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State of the program: Virginia men’s lacrosse

With Lars Tiffany’s arrival at Virginia 6 years ago, the program has been reinvigorated.

2019 NCAA Division I Men’s Lacrosse Championship Photo by Larry French/NCAA Photos via Getty Images

As the 2021-2022 athletic year starts to come to an end for the Virginia Cavaliers, we at Streaking the Lawn will be running a state of the program series for the numerous athletic programs that are a part of the university.

For starters, I’ll take a look at the men’s lacrosse program by evaluating the confidence level in four critical categories: success over the last five years, coaching staff, current roster makeup, and the future roster/recruiting. The four degrees of confidence will be, in descending order, extreme, decent, mild, and low. But that scale won’t be put to much varying use for this evaluation...

Confidence in performance over the last 5 years: Extreme

Nearly six years ago, UVA hired Lars Tiffany to replace his mentor and former coach Dom Starsia as the head coach of the men’s lacrosse program. After a number of down years with Starsia at the helm, Tiffany immediately brought fresh air to a historic program that his former coach Starsia had built before him.

In 2018, Tiffany and his Wahoos ended Virginia’s 15-game losing streak (with the last win coming in 2014) in ACC play and made the NCAA Tournament after the program had missed it the two previous seasons.

In 2019, UVA burst onto the scene for real. After going 11-2 in the regular season, Virginia beat North Carolina and Notre Dame in the ACC Tournament to take the program’s first ACC Championship since 2010. The ‘Hoos followed that up by winning the National Championship with an impressive run of victories over Maryland in the quarterfinals, Duke in the semis, and defending champ Yale in the championship game.

After the 2020 season was cut short by COVID-19, UVA came back in 2021 with a revitalized core and secured its second straight championship by upsetting undefeated Maryland 17-16 in the national championship. Unfortunately, that run as reigning champs came to and end last Sunday when the ‘Hoos fell for the second time this season to the Terps in the NCAA quarterfinals.

Nevertheless, the last five plus seasons have been incredibly successful for the men’s lacrosse program. Along with Maryland (and perhaps even more so), Virginia is likely the most successful team in the sport in the last half decade and there’s no sign of the Wahoos slowing down.

Confidence in coaching staff: Extreme

Part of why the future of the program is so bright is because Tiffany is locked in for the long haul. After signing a contract extension through 2026 this spring, the Brown alum is set to lead the Wahoos for the next four seasons with potential for more as he is only 53 years old. Even beyond his successes on the field, Tiffany’s thoughtful approach to coaching and genuineness as a human being is a perfect fit for UVA.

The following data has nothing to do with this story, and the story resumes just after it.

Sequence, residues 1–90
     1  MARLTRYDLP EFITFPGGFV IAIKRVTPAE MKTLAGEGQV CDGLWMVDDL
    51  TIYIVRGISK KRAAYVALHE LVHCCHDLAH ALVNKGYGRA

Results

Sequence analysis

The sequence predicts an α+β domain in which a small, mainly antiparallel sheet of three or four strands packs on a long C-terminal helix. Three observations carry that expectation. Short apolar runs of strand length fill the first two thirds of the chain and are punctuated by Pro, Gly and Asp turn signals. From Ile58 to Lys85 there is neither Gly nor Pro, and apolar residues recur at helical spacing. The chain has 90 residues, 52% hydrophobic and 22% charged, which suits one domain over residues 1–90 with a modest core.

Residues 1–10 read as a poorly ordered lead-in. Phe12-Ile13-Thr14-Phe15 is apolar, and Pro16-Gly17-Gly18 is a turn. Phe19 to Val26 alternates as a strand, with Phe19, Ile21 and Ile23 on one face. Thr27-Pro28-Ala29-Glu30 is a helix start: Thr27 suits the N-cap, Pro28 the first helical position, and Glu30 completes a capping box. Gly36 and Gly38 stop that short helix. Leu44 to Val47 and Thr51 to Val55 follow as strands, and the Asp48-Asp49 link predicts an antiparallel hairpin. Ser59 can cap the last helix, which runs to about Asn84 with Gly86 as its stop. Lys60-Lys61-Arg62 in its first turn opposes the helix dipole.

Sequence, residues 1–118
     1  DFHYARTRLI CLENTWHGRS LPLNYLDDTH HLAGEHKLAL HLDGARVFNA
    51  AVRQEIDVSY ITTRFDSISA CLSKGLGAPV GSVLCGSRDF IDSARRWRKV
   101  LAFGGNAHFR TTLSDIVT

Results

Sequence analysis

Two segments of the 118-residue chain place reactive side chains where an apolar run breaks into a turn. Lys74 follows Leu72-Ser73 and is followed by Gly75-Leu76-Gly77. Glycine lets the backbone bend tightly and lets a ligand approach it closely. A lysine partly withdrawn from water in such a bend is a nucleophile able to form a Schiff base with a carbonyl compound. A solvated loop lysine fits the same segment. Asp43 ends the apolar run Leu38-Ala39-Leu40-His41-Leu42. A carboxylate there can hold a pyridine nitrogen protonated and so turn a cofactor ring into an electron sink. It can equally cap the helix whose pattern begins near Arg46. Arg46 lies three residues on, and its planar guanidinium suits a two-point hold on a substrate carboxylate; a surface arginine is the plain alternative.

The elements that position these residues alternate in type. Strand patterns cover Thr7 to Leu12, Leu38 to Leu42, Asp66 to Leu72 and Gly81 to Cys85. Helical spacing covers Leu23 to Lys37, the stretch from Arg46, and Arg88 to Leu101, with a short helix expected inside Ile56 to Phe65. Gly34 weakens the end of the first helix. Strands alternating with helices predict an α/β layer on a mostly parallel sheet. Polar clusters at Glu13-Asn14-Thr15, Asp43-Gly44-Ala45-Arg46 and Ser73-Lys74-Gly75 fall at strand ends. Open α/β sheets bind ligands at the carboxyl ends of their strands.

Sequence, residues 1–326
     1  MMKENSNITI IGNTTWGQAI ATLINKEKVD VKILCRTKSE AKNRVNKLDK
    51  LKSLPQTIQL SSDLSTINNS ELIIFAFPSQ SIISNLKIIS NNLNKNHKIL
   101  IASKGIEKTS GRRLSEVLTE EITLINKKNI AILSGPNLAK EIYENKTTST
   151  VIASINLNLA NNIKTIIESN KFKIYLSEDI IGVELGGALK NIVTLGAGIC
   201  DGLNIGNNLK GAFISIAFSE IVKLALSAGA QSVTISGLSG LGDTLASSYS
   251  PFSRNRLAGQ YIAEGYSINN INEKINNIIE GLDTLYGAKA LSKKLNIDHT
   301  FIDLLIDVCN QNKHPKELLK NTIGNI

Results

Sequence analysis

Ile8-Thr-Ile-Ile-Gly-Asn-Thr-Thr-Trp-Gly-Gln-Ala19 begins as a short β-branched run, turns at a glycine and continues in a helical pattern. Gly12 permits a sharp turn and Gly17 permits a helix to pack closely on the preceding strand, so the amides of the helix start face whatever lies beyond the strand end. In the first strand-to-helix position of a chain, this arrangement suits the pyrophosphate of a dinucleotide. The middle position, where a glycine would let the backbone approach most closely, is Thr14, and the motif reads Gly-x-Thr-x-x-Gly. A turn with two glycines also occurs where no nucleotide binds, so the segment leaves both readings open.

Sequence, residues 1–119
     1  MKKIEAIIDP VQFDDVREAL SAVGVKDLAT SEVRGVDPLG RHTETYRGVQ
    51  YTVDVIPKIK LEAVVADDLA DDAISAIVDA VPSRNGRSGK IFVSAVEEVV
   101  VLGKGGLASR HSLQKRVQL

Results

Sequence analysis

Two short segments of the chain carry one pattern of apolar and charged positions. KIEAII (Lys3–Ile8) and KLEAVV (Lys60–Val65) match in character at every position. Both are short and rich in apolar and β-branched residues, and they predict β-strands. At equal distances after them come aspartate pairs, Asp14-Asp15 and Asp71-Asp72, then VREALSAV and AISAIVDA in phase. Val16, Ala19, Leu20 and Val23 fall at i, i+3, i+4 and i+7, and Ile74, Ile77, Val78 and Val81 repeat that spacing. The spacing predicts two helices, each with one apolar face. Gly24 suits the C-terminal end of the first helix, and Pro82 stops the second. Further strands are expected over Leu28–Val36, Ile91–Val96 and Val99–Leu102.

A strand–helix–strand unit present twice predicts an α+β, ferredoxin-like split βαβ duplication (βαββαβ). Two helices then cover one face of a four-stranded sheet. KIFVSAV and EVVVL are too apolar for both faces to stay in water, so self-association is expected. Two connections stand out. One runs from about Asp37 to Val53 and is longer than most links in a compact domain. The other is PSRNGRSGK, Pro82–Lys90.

Coming over from coaching at Brown back in 2016, TIffany brought along his staff which included former UVA goalie Kip Turner — who coaches the goalies and face off specialists —along with offensive coordinator Sean Kirwan. Those two assistant coaches have proven to be two of the top in the country.

In fact, while also coaching as an offensive coordinator in the PLL, Kirwan has received serious head coaching interest after building an offensive juggernaut in Charlottesville. That is something worth tracking as a possible departure would disrupt the coaching stability while also leaving Tiffany searching for a new assistant to lead the offense.

But, for now, the Wahoo coaching staff can rival any other in the nation in regards to tactics, leadership, and culture building.

Confidence in current roster: Extreme

Despite the departure of UVA’s all-time points leader Matt Moore, Virginia is returning a stacked squad for the 2023 season. Frankly, Moore is the only truly notable player leaving while plenty of fourth year are expected to return for fifth years including Cade Saustad, Jeff Conner, Xander Dickson, Payton Cormier, and Petey LaSalla.

Additionally, UVA’s leading scorer and one of the best players in the country Connor Shellenberger is back to play his third year while the entire rotation of long poles are back along with the majority of short stick defenders. And, of course, rising sophomore goalie and ACC Freshman of the Year Matthew Nunes is returning as well along with his classmate and former top-rated freshman Griffin Schutz.

On top of all that, Virginia brings in the top-rated 2022 class with three top-10 recruits in Joey Terenzi (midfield), Truitt Sunderland (midfield), and Mac Eldridge (face-off), along with another five star in defender John Schroter. Those arrivals will be joined by a rumored transfer from Vermont’s big lefty midfielder Thomas McConvey who scored 60 goals (second in the country) for the Catamounts this past season.

That all points to another year of national contention for UVA with next season’s roster potentially even more skilled than the last two years’ squads.

Confidence in future roster/recruiting: Extreme

As for the future of the program’s roster and recruiting, there’s no reason to suggest that Virginia will stop getting the top talent its accustomed to bringing in. UVA is a lacrosse powerhouse and with such an appealing staff and culture there’s plenty of appeal to the best players in the country. With Shellenberger around for two more years that likely means two years of assured national contention before younger guys like Schutz and the 2022 class start to take over.

Tiffany has preached a strategy of reloading rather than rebuilding and that seems to be the case for the foreseeable future as men’s lacrosse stands as one of if not the most successful UVA programs in recent years with one of the brightest futures.